imageLightDarkIconDark Ebenezer Pike (1806 - 1883)
Joseph Pike (1851 - 1934)
Ebenezer Pike (1853 - 1931)

Cork Steamship Company
1843 to 1918

by Shaun Boylan

Ebenezer Pike Chairman of the Cork Steamship Company 1843 - 1883

Joseph Pike Chairman of the Cork Steamship Company 1883 - 1918

Buy out of the Cork Steamship Company 1918

Saint George's Flag

Ebenezer Pike

of the Cork Steamship Company
1843 - 1883

Ebenezer Pike 1860's


When steamships started being built, the Pike family became involved in the steamship industry, the main member being Ebenezer Pike (1806-1883), a descendant of Richard Pike (1627-1668) of Sarsfields Court.

Ebenezer Pike was married to Lydia Clibborn Pike (1823-1900) (also a descendant of Richard Pike) and they had three sons and seven daughters.

In 1843, the St George Steamship Co. had begun to encounter difficulties and by October 1843, the venture had been organised into the City of Cork Steamship Co. (shortly after, the Cork Steamship Co.) with Pike as both chairman and managing director, and a capitalisation of £170,000, of which he was the largest shareholder.

Mr. Ebenezer Pike was the 'guiding star' of the company as well as many directors namely, Messrs John Could, James Connell, Joseph Hayes, William Lane, and Joseph Leycester, who were a respected group of Cork's citizens.

The new Cork Steamship Co. inherited seven ships from its St George Steamship Co. predecessor and expanded by purchasing its first steamer.

The following steamers were built by Mr. Pike at Pike's yard, located in Water Street, Cork: SS Gannet, SS Pelican, SS Cormorant, SS Falcon, SS Dodo, SS Osprey, SS Bittern and the SS Ibis. [The SS Ibis was lost at sea Saturday 23rd December 1865 at Ballycroneen Bay, County Cork.]

In 1846, the first screw steamer in Cork, built by Robert J. Lecky, was launched on the company's Liverpool - Le Havre route, and the SS Ajax was also purchased. [Robert J. Lecky is possibly connected to Ebenezer Pike by Ebenezer's aunt Mary Pike (1769-1852), who married James Lecky (1748-1795).]

The following year (1847), Ebenezer purchased the SS Minerva and in 1848 he launched the SS Gannet from his own newly acquired shipyards at Water Street, Hargreaves Quay, Cork. At its height, the yard employed nearly 370 men.

More vessels followed with the purchase (1850) of the SS Pelican and the SS Albatross and the construction of the SS Osprey (1855) and SS Britain (1856) at Pike's yards. In 1856 he also purchased the Prussian SS Eagle, which was originally constructed as an armed yacht for the king of Prussia. The SS Halcyon and the SS Abyss were acquired for the firm in 1860.

By the 1870's, the Cork Steamship Co. had expanded to the extent that Ebenezer Pike split operations into two distinct limited liability companies. Incorporated on 12th September 1872, the Cork Steam Packet Co. Ltd, which was based at Penrose Quay, inherited nine ships from the original company and ran the coastal routes. The Cork Steamship Co. Ltd was incorporated on the same day and was responsible for the foreign and continental routes operating from Liverpool with eight of the original fleet.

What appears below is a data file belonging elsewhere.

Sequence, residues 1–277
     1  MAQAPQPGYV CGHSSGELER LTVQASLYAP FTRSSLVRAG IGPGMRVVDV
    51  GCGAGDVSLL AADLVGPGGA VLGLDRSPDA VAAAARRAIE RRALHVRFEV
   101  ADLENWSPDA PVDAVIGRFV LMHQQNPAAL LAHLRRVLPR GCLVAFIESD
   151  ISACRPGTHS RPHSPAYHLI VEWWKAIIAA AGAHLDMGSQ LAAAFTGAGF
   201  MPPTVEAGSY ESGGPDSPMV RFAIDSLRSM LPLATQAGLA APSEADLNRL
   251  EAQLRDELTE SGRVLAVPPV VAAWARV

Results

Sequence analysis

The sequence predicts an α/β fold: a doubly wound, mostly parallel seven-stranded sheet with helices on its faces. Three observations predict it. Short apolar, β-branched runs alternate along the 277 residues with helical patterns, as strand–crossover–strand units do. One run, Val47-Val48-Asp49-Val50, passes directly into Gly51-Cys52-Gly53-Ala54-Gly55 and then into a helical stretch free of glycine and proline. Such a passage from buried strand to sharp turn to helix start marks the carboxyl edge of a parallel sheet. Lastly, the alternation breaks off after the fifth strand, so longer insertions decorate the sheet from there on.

Ebenezer Pike retained control over both operations, and during the next ten years (1873 - 1883), acquired six new steamers for the Cork Steam Packet Co. Ltd. Ebenezer was also a partner in a shipyard at Jarrow on the Tyne in England, with Sir Joseph Pease. Ebenezer was also a shareholder in mines in Prussia. [Sir Joseph Pease is possibly related to Hon. Arthur Pease (1837 - 1898); Hon. Arthur Pease was married to Ebenezer's daughter Mary Lecky Pike (1843 - 1915).]

In the middle of the nineteenth century, the Cork Steam Packet Co's steamers carried passengers between Cork, Cardiff and Newport. The service between these ports varied from between one and three sailings weekly, and these sailings were usually done by the SS Bittern and the SS Pelican.

In February 1851, the SS Pelican carried 609 deck passengers from Cork to London. On this journey, a child passenger died from exposure. However, the SS Pelican was said to have accommodation for 612 deck passengers, who were each provided with 434 square yards of covered accommodation.

Pike's Company was known as the Cork Steam Packet Company. There were no changes made in Pike's Company until 1871, when he separated the Continental and Home liners into two separate Companies.

The Home line was now known as the Cork Steam Packet Company Limited and the Continental line remained as the Cork Steamship Company. Pike took over nine steamers: the SS Flamingo, SS Rallus, SS Buzzard, SS Grebe, SS Quail, SS Tern, SS Kestrel, SS Ousel and SS Egret. [The SS Quail was lost at sea Monday 3rd March 1873 at Atherfield Point, Isle of Wight.]

The two separated companies continued to be successful. All the steamships were up-to-date, and in 1894, the SS Ibis, which was one of Pike's steamers, was the first steamer to enter the Manchester Ship Canal, an indication of how modern Pike's steamships were. [This SS Ibis is perhaps the second SS Ibis owned by the Cork Steamship Company, as the first SS Ibis was lost at sea Saturday 23rd December 1865.]

In the nineteenth century, the Cork Steamship Company experienced competition from the City of Dublin Steam Packet Company, and for a while, both companies promoted their services by taking passengers for nothing.

Mr. Ebenezer Pike was said to have been a generous man and was interested in providing jobs for the people of Ireland.

Return to top

Joseph Pike

of the Cork Steamship Company
1883 - 1918

Joseph Pike 1890's